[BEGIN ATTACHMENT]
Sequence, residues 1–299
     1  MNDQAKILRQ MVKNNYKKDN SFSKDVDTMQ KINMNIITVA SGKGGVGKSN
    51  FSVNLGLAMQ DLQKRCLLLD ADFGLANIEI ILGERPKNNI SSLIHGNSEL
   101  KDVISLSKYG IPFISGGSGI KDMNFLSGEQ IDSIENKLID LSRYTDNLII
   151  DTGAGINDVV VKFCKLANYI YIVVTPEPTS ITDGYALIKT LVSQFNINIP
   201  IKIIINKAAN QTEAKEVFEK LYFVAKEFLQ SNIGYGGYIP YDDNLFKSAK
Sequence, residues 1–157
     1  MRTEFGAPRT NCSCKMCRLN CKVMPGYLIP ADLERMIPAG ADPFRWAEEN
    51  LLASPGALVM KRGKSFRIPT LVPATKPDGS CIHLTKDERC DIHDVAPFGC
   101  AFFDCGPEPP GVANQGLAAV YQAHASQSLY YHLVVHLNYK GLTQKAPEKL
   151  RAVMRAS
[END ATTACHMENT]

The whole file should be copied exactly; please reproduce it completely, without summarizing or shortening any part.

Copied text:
Sequence, residues 1–299
     1  MNDQAKILRQ MVKNNYKKDN SFSKDVDTMQ KINMNIITVA SGKGGVGKSN
    51  FSVNLGLAMQ DLQKRCLLLD ADFGLANIEI ILGERPKNNI SSLIHGNSEL
   101  KDVISLSKYG IPFISGGSGI KDMNFLSGEQ IDSIENKLID LSRYTDNLII
   151  DTGAGINDVV VKFCKLANYI YIVVTPEPTS ITDGYALIKT LVSQFNINIP
   201  IKIIINKAAN QTEAKEVFEK LYFVAKEFLQ SNIGYGGYIP YDDNLFKSAK
Sequence, residues 1–157
     1  MRTEFGAPRT NCSCKMCRLN CKVMPGYLIP ADLERMIPAG ADPFRWAEEN
    51  LLASPGALVM KRGKSFRIPT LVPATKPDGS CIHLTKDERC DIHDVAPFGC
   101  AFFDCGPEPP GVANQGLAAV YQAHASQSLY YHLVVHLNYK GLTQKAPEKL
   151  RAVMRAS